Guyana’s laws need broader interpretations to extend anti-discrimination protections to Lesbian, Bisexual and Transgender (LBT) women, who in many cases don’t seek legal redress out of fear that they will be denied justice.
This was noted at a public forum on “Gender Equality and Sexual Rights in Guyana,” hosted last Thursday at Moray House by Red Thread, Stella’s Sisterhood for Service and Support (S4) Foundation, the Guyana Rainbow Foundation (GuyBow) and the Society Against Sexual Orientation Discrimination (SASOD).
The Guyana Association of Women Lawyers, the forum was told, has begun work to assist with the development of laws to create more gender equality and will push to have extant legislation, such as the Domestic Violence Act and the Married Persons Property Act, be interpreted in new ways to provide protection to the LBT community.
Sadie Amin, a member of the Association, said the courts needed to challenge laws and interpret them in unconventional ways. “We need to interpret laws to be against discrimination on behalf of gender orientation,” she noted, explaining that if the laws use the word “women” it was not just descriptive of heterosexual women in Guyana, but inclusive of all women.
Amin noted that Guyana’s first step has to be the decriminalising of same sex relationships. She noted that Guyana has signed numerous conventions, such as the Rights of the Child, the Elimination of Violence Against Women and the Elimination of Discrimination Against Women, and they all need to be preceded by laws drafted to ensure that they are adhered to within the society.
Amin, however, noted that some progress is being made. “SASOD is celebrating 10 years and 50 years ago in Guyana you wouldn’t think that as possible,” she said.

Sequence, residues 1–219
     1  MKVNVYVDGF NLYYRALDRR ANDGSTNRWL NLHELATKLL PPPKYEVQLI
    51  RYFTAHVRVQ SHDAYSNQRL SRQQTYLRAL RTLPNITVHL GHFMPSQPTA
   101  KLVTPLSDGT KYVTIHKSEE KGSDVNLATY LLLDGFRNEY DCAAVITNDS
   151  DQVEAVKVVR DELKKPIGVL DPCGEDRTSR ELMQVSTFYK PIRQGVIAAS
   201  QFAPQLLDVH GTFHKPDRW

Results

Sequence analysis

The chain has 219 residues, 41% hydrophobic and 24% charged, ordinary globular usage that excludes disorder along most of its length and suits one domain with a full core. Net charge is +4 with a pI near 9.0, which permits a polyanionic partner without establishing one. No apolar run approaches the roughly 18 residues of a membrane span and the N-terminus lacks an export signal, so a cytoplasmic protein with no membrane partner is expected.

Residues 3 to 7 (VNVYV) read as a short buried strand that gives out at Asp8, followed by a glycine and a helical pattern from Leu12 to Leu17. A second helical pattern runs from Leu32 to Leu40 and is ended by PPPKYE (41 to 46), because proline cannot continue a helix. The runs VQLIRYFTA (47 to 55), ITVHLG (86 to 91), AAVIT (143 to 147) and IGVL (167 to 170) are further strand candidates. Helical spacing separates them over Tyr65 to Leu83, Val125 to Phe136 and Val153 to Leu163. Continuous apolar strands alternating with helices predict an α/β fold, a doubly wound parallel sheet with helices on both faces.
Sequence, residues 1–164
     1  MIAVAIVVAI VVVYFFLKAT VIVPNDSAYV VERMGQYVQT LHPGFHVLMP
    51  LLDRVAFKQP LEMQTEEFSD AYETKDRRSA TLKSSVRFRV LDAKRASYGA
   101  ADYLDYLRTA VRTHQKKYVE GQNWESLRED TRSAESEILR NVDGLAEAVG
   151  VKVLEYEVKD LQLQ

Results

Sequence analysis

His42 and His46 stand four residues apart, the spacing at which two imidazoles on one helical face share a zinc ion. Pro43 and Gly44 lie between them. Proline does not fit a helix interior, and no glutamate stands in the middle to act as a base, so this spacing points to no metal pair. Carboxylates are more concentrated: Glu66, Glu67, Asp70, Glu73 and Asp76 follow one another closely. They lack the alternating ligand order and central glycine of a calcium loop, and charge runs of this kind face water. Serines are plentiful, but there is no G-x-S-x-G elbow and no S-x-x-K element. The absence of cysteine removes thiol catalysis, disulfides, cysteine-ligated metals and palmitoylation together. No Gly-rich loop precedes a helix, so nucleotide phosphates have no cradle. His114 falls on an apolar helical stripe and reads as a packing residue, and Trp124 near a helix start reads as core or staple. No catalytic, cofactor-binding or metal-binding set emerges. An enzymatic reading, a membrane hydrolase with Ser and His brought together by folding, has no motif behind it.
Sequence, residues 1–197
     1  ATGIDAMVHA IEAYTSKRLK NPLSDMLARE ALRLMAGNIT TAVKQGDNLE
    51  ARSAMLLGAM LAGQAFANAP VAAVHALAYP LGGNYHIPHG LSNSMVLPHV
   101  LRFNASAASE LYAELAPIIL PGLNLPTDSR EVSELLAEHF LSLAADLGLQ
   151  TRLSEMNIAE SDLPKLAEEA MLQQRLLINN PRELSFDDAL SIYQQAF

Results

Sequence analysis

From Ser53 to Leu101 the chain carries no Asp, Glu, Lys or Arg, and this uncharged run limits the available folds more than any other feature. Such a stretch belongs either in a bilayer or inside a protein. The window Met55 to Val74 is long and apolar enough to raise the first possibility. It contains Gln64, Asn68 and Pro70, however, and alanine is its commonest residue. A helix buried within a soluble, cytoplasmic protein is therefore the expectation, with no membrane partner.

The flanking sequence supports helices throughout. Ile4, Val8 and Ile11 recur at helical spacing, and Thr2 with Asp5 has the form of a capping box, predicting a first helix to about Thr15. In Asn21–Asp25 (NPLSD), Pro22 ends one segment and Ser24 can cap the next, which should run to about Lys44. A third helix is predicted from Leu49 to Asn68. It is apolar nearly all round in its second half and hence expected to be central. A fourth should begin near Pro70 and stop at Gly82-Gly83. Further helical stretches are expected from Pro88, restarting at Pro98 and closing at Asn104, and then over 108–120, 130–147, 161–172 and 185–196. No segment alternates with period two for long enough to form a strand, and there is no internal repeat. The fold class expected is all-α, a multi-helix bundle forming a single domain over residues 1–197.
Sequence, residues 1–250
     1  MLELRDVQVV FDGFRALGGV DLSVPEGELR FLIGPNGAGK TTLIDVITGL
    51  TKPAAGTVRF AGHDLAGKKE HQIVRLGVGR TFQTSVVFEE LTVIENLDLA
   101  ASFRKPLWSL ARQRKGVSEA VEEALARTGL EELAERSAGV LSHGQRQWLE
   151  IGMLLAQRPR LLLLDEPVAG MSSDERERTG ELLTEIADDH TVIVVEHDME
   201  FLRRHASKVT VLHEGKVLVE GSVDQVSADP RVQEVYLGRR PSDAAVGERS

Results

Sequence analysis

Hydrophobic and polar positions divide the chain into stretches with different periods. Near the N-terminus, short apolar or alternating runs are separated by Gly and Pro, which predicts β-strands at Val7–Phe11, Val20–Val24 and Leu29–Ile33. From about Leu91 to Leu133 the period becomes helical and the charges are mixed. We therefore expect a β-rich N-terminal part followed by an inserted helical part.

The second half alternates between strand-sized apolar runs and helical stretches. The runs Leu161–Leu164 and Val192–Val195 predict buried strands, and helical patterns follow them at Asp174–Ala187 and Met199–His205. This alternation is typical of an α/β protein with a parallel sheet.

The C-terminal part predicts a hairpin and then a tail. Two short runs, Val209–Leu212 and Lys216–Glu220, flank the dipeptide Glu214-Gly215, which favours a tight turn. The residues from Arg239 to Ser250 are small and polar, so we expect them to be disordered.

Colleen McEwan, Executive Director of GuyBow, stated that her organisation collects data from many victims of rape and sexual harassment who are too ashamed to file police reports out of fear that they will be denied protection and justice.
Further, victim blaming and societal discrimination against Lesbian, Gay, Bisexual and Transgender persons, she noted, is being perpetuated through many current laws, such as those that deal with loitering and cross dressing. She added that even these minimal issues can foment into larger more violent acts against the LGBT community,
She proposed that public officials and the police force be required to take sensitisation classes.
Meanwhile, human rights activist and Red Thread’s National Coordinator Karen de Souza said the Sexual Offences Act of 2010 was a step forward in offering protections to victims of sexual violence, but decried the double court process as a bureaucratic measure that is failing victims. Currently when rape cases go before the courts, a decision has to be made at the magistrate’s court level as to whether the case will be brought to the High Court, de Souza stated. “That can take four, five, six years,” she noted, while adding that for many victims the time cases took to be heard was too long, especially when they use the intervening years to heal and move forward. She said victims did not want to reopen old wounds. “I am worried about Guyana. We aren’t prepared, ready or willing to take steps to address violence in our communities,” she further said, while noting that Guyana’s culture of victim blaming will only continue to hamper the creation of protective laws.